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A marketplace of outrage

British Muslims took to the streets and burned copies of Salman Rushdie’s The Satanic Verses. Here w

On 14 January 1989, 1,000 Muslim protesters marched through the centre of Bradford, parading a copy of Salman Rushdie’s novel The Satanic Verses tied to a stake. Stopping in front of a police station, they set the book alight. It was an act calculated to shock and offend. But it did more than that: the burning book became an icon of Islamic rage, and a portent of a new kind of conflict.

Conflicts between minority communities and the state were nothing new. From the Notting Hill riots of the 1950s to the further inner-city disturbances of the 1980s – in London, Liverpool, Bristol, Birmingham and Leeds – blacks and Asians had often been involved in bitter clashes with the ­authorities. But these were, in the main, political conflicts, or issues of law and order. The Rushdie affair was different. Muslim fury seemed to be driven not by questions of harassment or discrimination or poverty, but by a sense that Salman Rushdie’s words had offended some deeply held beliefs.

When The Satanic Verses was published in September 1988, Rushdie was perhaps the most celebrated British novelist of his generation. He had made his name with Midnight’s Children, the sprawling, humorous mock-epic of post-independence India, which won the Booker Prize in 1981. The Satanic Verses was, he said, a novel about “migration, metamorphosis, divided selves, love, death”. It was also a satire on Islam, “a serious attempt”, as he put it, “to write about religion and revelation from the point of view of a secular person”. For some that was unacceptable, turning the novel, in the words of the British Muslim philosopher Shabbir Akhtar, into a piece of “hate literature”.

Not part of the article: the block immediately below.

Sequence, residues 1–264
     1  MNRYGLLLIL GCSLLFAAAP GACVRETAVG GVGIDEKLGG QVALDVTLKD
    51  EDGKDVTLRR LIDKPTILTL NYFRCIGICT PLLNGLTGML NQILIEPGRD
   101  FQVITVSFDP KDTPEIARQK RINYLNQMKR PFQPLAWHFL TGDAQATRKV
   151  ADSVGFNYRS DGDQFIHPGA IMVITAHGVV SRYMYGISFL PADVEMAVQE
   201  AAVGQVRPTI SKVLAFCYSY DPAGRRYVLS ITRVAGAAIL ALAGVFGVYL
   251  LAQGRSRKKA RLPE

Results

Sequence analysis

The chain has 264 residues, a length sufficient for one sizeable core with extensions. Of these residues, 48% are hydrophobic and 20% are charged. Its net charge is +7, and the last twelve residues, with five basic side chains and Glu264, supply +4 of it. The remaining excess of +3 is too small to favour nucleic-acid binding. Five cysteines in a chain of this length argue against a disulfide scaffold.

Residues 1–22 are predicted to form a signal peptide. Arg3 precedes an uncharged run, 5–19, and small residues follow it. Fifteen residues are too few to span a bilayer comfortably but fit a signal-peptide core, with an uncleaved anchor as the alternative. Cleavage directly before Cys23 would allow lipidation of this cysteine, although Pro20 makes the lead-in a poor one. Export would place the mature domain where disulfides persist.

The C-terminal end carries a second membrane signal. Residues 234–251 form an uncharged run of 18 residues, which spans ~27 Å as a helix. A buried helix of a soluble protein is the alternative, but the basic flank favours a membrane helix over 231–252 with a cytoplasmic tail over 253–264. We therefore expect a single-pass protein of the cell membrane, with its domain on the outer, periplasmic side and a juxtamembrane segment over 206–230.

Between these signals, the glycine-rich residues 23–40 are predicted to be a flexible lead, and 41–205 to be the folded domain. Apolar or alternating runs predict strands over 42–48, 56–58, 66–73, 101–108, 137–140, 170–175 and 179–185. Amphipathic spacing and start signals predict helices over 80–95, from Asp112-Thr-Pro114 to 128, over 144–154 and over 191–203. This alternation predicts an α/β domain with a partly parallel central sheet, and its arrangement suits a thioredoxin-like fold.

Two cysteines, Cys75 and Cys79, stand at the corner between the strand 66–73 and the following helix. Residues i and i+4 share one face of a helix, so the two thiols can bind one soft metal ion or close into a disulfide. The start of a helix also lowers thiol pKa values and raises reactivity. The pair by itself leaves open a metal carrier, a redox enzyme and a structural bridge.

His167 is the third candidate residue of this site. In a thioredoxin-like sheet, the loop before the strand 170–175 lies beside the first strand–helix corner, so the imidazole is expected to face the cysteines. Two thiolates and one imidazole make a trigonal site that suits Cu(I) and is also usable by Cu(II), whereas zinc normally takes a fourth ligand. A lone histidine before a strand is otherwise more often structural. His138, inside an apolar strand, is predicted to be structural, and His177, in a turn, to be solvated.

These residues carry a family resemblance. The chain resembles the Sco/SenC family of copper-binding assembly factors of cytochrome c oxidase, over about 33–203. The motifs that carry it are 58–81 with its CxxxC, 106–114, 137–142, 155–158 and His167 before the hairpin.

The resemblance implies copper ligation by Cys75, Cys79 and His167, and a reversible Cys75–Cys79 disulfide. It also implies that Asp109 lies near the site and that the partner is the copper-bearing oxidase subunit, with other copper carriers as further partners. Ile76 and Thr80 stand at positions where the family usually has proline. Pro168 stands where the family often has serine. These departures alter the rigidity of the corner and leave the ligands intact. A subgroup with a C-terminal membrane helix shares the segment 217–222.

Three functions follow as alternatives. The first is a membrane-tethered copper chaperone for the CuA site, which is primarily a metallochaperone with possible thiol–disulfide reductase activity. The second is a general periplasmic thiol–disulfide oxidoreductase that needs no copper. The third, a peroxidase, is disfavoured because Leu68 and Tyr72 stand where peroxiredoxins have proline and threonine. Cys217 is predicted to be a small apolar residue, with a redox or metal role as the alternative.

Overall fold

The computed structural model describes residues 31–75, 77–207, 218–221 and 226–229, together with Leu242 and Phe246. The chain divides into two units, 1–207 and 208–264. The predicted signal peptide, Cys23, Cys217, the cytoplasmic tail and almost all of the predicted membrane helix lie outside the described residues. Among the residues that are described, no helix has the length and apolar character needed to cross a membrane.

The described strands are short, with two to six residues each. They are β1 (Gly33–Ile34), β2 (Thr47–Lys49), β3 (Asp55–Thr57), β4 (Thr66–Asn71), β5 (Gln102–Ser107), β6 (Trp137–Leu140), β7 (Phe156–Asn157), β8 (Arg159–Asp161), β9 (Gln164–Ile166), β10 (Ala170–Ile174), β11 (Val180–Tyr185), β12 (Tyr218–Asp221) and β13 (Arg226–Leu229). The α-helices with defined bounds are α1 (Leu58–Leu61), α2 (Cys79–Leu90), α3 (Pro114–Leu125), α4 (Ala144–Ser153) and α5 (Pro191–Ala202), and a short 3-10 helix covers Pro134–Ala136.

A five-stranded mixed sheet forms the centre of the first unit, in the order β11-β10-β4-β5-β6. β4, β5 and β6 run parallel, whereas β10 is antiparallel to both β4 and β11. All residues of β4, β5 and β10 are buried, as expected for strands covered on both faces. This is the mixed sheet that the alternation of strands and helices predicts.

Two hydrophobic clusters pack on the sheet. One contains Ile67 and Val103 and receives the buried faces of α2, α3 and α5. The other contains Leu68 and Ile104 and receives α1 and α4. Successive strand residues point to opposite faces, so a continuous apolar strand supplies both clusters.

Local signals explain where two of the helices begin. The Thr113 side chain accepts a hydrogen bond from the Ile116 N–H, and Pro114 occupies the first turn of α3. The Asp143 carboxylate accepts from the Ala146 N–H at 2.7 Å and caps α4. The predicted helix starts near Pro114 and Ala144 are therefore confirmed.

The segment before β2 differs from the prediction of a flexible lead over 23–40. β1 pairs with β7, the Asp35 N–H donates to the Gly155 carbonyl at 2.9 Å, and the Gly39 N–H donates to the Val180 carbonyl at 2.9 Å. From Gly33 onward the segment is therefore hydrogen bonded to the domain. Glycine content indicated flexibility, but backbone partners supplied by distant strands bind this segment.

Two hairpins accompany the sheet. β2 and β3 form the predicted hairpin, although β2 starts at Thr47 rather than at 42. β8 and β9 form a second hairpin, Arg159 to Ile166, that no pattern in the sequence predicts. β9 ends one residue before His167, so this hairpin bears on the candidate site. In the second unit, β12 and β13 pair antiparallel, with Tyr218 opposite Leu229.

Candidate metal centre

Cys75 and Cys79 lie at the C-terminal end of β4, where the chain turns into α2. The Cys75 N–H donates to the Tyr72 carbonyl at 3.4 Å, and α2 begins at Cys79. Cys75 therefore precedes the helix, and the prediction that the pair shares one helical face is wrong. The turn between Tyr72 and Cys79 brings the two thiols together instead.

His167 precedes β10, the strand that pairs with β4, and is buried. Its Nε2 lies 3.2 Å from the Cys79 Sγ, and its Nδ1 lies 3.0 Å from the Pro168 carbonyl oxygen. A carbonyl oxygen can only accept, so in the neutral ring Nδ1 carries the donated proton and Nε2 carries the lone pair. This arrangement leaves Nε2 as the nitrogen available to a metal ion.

Given the importance that the book burning has since acquired as a symbol of Muslim fury and hurt, what is striking is the indifference of most Muslims to The Satanic Verses when it was first published. Until the Ayatollah Khomeini’s infamous fatwa against Rushdie, the campaign against The Satanic Verses had been relatively low key and largely confined to the Indian subcontinent and Britain. It was in India that The Satanic Verses first became an issue, thanks to a campaign organised by Jamaat-e-Islami, a hardline Islamist group at which Rushdie had taken aim in his previous novel Shame. With an election looming and the government reluctant to alienate India’s 150 million-strong Muslim community, the novel was quickly banned. The controversy then spilled over into Britain, where there were a number of well-funded Jamaati front organisations.

The Jamaati campaign was funded by Saudi Arabia as part of its attempt to establish ­itself as leader of the Muslim ummah. But there was little enthusiasm for a campaign against the novel elsewhere in the Arab world, or among Muslims in France and Germany. Even in Iran, the book was openly available and was reviewed in many newspapers. Khomeini’s fatwa was issued for political, rather than religious, reasons. Ever since the revolution of 1979, which had turned Tehran into the capital of radical Islam, there had been a struggle between Iran and Saudi Arabia for the hearts and minds of Muslims worldwide. The fatwa was an attempt to wrestle the initiative back from the Saudis, as well as to put political reformers at home on the defensive.

In Britain, the anti-Rushdie campaign was a symptom of wider changes afoot. Both Britain and its Asian communities were very different in the 1980s. Racism was entrenched to a degree almost unimaginable now and was vicious, visceral and often fatal. Stabbings were common, firebombings almost weekly events.
In response, militant anti-racist movements had developed within Asian communities. Organisations such as the Asian Youth Movement had considerable support, challenging both racism and the power of the mosques. But many young, secular, left-wing Asian activists ended up in the anti-Rushdie campaign. Why? Principally because of disenchantment with the secular left and the institutionalisation of multiculturalism. The disintegration of the left in the 1980s, and the abandonment by radicals of the politics of ideology for the politics of identity, pushed many young Asians towards Islamism.